Link between social media and mental health problems 'unproven'

Links between social media and mental health problems among young people are not proven, Sir Nick Clegg has said.

The former deputy prime minister, who joined Facebook last October following his ousting as a Lib Dem MP, told an audience in Berlin that while he did not take criticism of his current employer lightly, there was no research to suggest that such platforms were damaging to their users.

In a wide-ranging speech that also covered claims Russia used Facebook to influence the outcome of the Brexit vote three years ago, the 52-year-old said studies into an alleged link had so far been “wildly divergent”.

Image: Sir Nick Clegg is the vice president of global affairs and communications at Facebook

Sir Nick argued: “I have been a campaigner for mental health all my political career. I understand the intuitive association many people make between social media and the anxiety caused by the peer pressure young people feel to present themselves in a certain way.

“But, to date, research on the impact of social media on youth well-being has been wildly divergent – some studies show positive impact, some negative impact, and others no impact at all.”


Citing the results of an eight-year Oxford University study that surveyed thousands of children, Sir Nick said researchers were “just now starting to arrive at a consensus” that “decreases in well-being and increases in mental health problems” among teenagers “are not linked to social media”.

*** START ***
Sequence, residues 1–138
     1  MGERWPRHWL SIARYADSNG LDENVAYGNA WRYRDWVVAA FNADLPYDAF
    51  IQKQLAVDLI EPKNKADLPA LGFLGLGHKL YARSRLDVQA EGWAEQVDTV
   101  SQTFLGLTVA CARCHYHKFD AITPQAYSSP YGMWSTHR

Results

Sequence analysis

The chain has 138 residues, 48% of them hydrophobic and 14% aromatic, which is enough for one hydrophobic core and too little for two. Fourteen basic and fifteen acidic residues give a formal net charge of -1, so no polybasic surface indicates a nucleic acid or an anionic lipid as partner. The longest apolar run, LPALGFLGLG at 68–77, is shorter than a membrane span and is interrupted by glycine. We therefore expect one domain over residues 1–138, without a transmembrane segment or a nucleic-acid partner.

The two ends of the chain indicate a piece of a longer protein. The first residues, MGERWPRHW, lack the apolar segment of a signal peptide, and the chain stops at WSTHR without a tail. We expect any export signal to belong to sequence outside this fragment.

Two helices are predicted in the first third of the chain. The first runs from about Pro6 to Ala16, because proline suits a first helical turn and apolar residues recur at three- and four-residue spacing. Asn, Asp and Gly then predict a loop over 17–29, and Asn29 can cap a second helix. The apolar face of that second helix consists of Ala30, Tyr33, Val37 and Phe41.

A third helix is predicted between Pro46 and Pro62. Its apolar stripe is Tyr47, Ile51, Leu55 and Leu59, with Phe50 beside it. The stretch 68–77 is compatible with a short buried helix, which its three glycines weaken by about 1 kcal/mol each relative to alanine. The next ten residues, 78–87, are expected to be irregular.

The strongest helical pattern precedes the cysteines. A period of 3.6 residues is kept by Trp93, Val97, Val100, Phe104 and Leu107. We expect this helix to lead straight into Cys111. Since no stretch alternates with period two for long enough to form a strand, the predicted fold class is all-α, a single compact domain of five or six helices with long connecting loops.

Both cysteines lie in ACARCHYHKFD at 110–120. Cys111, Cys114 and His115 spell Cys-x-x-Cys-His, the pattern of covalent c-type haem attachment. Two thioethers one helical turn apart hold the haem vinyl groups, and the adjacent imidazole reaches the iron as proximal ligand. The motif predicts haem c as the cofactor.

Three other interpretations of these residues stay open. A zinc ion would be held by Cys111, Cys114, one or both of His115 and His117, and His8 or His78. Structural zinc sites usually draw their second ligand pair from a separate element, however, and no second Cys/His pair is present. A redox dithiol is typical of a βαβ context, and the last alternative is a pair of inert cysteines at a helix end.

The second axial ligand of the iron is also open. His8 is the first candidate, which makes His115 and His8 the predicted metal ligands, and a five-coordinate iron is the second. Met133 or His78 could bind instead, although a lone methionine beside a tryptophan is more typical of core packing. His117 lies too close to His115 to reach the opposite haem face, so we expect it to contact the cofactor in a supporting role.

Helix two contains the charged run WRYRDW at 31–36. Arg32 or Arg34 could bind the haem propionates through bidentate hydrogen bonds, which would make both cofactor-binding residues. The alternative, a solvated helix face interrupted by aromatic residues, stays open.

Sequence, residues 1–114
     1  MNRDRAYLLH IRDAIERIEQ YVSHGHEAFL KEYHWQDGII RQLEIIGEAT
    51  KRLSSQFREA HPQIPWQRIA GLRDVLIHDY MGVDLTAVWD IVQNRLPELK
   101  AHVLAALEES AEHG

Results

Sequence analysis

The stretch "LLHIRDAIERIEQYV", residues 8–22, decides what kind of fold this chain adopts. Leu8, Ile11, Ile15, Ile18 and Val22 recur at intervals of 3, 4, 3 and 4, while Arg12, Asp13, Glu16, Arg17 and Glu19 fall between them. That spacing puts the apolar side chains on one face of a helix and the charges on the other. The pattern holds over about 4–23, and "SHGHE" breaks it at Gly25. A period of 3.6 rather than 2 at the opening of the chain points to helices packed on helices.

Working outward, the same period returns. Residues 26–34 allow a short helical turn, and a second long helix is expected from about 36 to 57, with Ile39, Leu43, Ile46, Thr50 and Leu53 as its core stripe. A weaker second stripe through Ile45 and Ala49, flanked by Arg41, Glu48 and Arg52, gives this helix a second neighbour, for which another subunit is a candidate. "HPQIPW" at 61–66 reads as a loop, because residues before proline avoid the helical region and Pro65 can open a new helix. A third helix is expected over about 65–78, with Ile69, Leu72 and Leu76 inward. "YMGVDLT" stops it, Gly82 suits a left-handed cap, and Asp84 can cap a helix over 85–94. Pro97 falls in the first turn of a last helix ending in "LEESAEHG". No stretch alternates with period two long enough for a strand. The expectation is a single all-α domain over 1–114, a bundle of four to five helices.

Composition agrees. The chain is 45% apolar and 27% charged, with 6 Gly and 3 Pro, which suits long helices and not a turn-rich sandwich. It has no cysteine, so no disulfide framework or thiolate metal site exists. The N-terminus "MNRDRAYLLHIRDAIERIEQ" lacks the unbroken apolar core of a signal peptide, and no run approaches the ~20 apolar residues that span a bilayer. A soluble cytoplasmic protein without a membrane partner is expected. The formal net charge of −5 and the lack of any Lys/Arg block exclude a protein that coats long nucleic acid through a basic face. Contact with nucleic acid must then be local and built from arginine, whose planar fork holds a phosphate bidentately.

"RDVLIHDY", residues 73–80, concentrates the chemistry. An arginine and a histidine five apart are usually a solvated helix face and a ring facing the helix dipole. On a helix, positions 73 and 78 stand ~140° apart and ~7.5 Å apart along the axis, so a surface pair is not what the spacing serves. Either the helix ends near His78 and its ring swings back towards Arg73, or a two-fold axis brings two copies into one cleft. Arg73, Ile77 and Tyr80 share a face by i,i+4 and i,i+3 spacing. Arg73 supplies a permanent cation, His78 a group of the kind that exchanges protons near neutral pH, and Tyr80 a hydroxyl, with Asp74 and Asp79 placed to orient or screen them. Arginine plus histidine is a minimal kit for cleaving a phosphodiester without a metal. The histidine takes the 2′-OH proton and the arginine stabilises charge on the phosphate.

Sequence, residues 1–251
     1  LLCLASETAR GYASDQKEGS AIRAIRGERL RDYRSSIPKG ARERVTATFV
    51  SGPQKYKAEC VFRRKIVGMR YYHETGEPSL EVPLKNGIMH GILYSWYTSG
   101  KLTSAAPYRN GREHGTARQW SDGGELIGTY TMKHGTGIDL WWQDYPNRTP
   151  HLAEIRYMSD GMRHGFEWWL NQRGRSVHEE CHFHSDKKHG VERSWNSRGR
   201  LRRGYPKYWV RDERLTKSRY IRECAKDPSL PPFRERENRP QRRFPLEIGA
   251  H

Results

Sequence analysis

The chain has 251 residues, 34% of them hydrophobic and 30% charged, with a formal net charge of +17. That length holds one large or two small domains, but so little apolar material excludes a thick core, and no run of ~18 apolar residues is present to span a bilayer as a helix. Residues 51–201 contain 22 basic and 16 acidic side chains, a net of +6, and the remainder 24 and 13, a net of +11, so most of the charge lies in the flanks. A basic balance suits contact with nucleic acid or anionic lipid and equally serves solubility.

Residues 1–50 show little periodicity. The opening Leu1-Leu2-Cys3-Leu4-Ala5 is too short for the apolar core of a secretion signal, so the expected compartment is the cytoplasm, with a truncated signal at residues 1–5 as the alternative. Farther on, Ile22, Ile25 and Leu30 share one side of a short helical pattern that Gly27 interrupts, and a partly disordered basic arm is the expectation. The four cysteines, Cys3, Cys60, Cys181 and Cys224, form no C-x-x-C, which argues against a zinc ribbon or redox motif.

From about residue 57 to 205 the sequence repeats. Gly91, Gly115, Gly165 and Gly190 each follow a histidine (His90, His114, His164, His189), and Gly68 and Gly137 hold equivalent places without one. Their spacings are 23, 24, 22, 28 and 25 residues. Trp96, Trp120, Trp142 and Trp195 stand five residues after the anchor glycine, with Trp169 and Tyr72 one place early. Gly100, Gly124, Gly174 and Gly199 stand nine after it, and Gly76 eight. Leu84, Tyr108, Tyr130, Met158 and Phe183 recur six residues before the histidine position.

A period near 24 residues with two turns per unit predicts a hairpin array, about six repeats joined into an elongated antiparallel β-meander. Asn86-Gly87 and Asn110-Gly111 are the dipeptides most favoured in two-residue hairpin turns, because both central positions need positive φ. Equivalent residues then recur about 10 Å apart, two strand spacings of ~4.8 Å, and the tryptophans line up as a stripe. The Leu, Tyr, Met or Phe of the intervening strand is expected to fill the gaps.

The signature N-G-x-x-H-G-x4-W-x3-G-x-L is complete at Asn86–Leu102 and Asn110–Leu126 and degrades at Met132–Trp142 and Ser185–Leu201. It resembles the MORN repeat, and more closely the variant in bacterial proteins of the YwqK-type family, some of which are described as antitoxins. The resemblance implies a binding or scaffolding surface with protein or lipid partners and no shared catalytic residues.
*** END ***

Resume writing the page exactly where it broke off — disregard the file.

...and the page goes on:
He added that Facebook was “constantly seeking to improve the safeguards for young and vulnerable users”, but said the “causal links are not currently supported by clear evidence”.

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The speech in Germany came five months after Sir Nick said Facebook was entering a phase of “reform, responsibility and change”, amid demands it “purge” its platforms of content related to suicide and self-harm.

Back in January, the father of 14-year-old Molly Russell accused social media platforms of playing a part in his daughter taking her own life after she was found to have viewed material related to anxiety, self-harm and suicide on apps including Facebook-owned Instagram.

Molly Russell
Image: Molly Russell took her own life in November 2017

Health Secretary Matt Hancock said he had written to a number of internet companies to remind them of their duty to act, and Sir Nick acknowledged at the time that Facebook had to address the issue.

But a month after Instagram promised to remove such graphic images, a Sky News investigation found a number of disturbing videos and pictures still featured on the social media site.

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Image: Facebook also owns Instagram and WhatsApp

Since then, the UK government has unveiled plans to potentially hold social media bosses personally liable for any users who come into harm as a result of content on their platforms.

Facebook boss Mark Zuckerberg has indicated that he would be happy for governments and regulators to play “a more active role” in policing the internet and the standards of big online companies – notably in helping to identify harmful content and political advertising.

:: Anyone feeling emotionally distressed or suicidal can call Samaritans for help on 116 123 or email in the UK. In the US, call the Samaritans branch in your area or 1 (800) 273-TALK.


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